Late last fall, I was asked if I would be interested in coming to Taos, NM, to lead a short film project with some schools there. Lists of equipment were made, travel plans finalized, and near the end of January, 2013, I flew to Taos to work with 4th and 5th graders in two elementary schools.
The plan I developed was to work for three weeks, 1 1/2 hours a day with each group. I spent three hours split between two classes in one school, and then another three hours split between two classes in the second.
My boss helped schedule the process and worked with me the first and third weeks. During all the time with students, the Taos computer technician helped out with getting the equipment to the right place, seeing the batteries were charged, and helping out with one of the filming groups. And the teachers worked with one or two groups. We were all tag-teaming each other so all the bases were covered.
With the teacher’s input, the classes were divided into production “companies.” Each company chose a topic and then went to work developing their pre-production story boards.
The pre-production planning took most of the first week. But during that time, we learned how to use the cameras, what different shots could be used, how to edit in iMovie, and how to use GarageBand to create some theme music for their movies.
We found that we were always revisiting pre-production planning and re-planning a shot, then re-filming it, and a re-edit. Just because we went through the process in “order” didn’t mean that we couldn’t re-do some part of it.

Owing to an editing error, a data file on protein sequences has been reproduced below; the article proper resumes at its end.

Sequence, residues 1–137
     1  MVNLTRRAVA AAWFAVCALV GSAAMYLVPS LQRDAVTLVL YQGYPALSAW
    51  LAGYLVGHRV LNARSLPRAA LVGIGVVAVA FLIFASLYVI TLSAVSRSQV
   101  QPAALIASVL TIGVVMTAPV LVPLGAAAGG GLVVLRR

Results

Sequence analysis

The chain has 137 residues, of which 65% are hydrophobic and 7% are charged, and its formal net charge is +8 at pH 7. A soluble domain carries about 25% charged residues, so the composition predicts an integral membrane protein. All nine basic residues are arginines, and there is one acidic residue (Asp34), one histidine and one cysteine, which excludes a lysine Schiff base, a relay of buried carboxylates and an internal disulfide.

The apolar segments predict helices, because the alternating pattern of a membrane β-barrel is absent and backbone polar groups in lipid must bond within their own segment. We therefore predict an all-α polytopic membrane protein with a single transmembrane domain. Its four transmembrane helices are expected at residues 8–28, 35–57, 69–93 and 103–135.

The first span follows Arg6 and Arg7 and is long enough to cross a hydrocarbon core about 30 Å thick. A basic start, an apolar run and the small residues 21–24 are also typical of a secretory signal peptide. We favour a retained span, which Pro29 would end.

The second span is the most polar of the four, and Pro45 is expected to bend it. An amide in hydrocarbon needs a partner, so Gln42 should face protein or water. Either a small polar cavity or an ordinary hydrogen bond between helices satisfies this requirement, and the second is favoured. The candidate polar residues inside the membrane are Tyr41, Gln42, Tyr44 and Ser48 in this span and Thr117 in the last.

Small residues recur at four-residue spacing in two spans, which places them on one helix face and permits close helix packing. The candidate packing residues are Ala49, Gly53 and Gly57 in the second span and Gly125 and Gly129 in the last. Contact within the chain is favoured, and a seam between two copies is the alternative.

The most difficult part of this process was in the conversations with students during the pre-planning stage. Because these students had never done a project like this, and because there were not really used to “thinking outside the box,” the challenge was to get them to envision something they had never really experienced. How does one get a student to create with iMovie when the possibilities aren’t known?
I used two exemplars from a school in central Maine where I developed a “Short-Short Film Contest.” We then spent a lot of time on sharpening the focus of the project. Next, we created the story boards.
One 5th grade group really didn’t get it. Their initial shots, and I really should say “shot,” was 1:24 minutes. We spent several sessions fine tuning that into separate clips of 5 to 10 seconds each using different camera angles. They eventually figured it out, but it took a lot of focused discussion to get them to understand that clips of any length more than 15 seconds just won’t yield a good project in a short film construct.
The “Premier” showing of all films is tomorrow at one school. There, we’ll have to hang a sheet between two tether ball stands and use the speaker system and projector from the classroom. These small elementary schools on the mesa don’t have lots of resources, but they are very creative to make up for what they lack in that department.
I’m making the DVD, grabbing the iMovie files exported to quicktime to my USB stick, and then bringing them into iDVD on my laptop. I’ll burn the DVD’s and those will be shown at the “Premiers” at two schools using either a laptop or a DVD player. Parents and media have been invited, and a radio interview was broadcast on the local station.